I think it is time to start talking about what is in this New Economic Perspectives article, How to Talk About Debt and Deficits: Don’t Think of an Elephant*
Here is a quote from a report prepared for publication by the St. Louis Federal Reserve that makes the point that we all need to understand:
The article even has a link to a YouTube video of Alan Greenspan making a similar point.
There is nothing to prevent the federal government from creating as much money as it wants to make.
To grasp the import of Alan Greenspan’s confession, it may help to read my previous post, Fractional Reserve Banking Mechanics. In my ordinary bank example, I said that the bank gave the borrower some physical bills. This was just so that you could keep track of the physical bills and see that they actually existed somewhere to cover what each person thought they had. The bank could just as easily have credited the borrower some money in his or her checking account. If the borrower then gave a check for the money to someone in order to buy something, the seller could have deposited the check in the business’s bank account. The banking system would be happy to tell the business that it had added the money to its account, all by transferring the idea of who had the money electronically. No physical bills need ever change hands.
If you grasp how a plain old bank manages to create money essentially from nothing, then you can see how much easier it is for the Federal Government to create its own money. With the advent of electronic transfer of “money”, the Federal Government does not even have to physically print money. All it has to do is electronically credit someone with the money. As long as almost everybody believes the money is there, and that the money people think they have will actually buy what they expect it to (and experience confirms their assumptions), then the system runs quite well.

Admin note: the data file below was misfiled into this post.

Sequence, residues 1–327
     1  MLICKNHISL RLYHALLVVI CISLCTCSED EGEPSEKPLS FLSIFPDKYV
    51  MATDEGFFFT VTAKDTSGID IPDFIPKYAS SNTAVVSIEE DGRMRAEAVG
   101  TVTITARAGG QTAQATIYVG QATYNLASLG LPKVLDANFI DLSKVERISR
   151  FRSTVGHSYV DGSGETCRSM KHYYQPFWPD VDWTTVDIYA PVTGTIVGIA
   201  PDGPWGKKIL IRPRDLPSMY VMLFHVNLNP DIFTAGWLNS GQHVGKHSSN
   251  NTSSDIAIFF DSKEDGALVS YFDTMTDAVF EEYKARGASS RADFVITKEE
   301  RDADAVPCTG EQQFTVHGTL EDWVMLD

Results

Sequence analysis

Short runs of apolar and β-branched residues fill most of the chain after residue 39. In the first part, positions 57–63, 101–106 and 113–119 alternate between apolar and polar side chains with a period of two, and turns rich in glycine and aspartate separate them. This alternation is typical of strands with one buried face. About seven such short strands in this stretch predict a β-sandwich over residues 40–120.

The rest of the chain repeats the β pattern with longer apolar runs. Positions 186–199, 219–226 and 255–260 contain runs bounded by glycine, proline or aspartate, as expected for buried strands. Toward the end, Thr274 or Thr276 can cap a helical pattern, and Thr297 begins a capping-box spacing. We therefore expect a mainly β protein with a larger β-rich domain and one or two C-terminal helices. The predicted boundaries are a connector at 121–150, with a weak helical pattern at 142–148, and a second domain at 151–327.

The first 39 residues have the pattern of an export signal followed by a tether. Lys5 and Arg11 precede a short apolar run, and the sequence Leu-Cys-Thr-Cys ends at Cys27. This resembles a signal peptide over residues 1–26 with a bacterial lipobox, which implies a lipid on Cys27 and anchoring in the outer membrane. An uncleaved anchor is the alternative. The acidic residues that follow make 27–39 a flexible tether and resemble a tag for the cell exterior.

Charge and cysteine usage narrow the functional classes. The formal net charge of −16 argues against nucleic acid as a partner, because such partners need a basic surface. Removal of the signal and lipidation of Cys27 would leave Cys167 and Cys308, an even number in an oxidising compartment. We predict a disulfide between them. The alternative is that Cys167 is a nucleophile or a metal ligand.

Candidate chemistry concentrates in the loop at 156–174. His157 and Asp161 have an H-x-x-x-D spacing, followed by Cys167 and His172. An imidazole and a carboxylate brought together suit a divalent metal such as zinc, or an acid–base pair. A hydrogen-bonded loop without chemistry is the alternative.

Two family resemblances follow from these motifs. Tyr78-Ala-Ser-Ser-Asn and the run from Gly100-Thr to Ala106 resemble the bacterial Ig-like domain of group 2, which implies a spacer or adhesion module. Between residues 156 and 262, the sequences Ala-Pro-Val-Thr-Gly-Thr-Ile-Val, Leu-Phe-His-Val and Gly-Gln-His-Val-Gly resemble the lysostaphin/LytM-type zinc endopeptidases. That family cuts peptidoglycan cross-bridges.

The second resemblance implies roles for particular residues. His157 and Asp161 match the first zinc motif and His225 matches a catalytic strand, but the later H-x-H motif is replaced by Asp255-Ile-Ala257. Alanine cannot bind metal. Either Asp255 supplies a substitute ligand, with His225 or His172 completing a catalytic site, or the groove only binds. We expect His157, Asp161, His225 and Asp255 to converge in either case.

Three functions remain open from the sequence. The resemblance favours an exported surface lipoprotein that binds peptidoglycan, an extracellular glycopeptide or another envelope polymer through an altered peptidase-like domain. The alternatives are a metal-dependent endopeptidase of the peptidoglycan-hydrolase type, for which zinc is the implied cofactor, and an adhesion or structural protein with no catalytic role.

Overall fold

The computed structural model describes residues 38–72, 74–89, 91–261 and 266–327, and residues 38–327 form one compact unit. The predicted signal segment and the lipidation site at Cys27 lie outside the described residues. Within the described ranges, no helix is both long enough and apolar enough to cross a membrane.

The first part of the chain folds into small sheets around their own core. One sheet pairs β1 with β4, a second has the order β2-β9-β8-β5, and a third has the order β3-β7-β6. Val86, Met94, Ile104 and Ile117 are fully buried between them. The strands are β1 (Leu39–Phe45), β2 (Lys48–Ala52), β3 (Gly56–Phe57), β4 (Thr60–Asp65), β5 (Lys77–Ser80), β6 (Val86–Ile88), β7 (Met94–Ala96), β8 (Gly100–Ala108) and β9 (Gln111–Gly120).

As in the example in the previous post of how the Federal Reserve Bank created trillions of dollars to keep the banks afloat during the crash of the mid 2000s, you should be able to see how it would be possible for the Federal Reserve Bank to create enough money to pay the debts of the Federal Government.
If you have not thought of this before, you may be able to think of lots of circumstances where the creation of such money could become a problem. However, only some of the scenarios you come up with will be actual problems. Other problems just resolve themselves if you think about the reality hard enough, or you have someone explain to you how it resolves.
To make rational decisions, you really have to figure out which ones are the real problems, and which ones are just ghosts of your lack of familiarity with how money actually works on a large scale.
When even President Obama goes along with the fiction that we have a current debt problem, it is time to start getting seriously educated on what is and what isn’t a problem. Hint: The current debt is not the problem. The future debt from uncontrolled health care costs is the problem whether it is debt from the Government or debt from private individuals. (Read the report that is linked to Greenspan’s remarks above).
It is a real danger when the President gives up trying to educate the public, and thinks he can just harness public ignorance for his own benefit. It is guaranteed to blow up in his face, just as it has many times in his Presidency already.
How to Talk About Debt and Deficits: Don’t Think of an Elephant*, is really just the beginning of an understanding of this whole topic.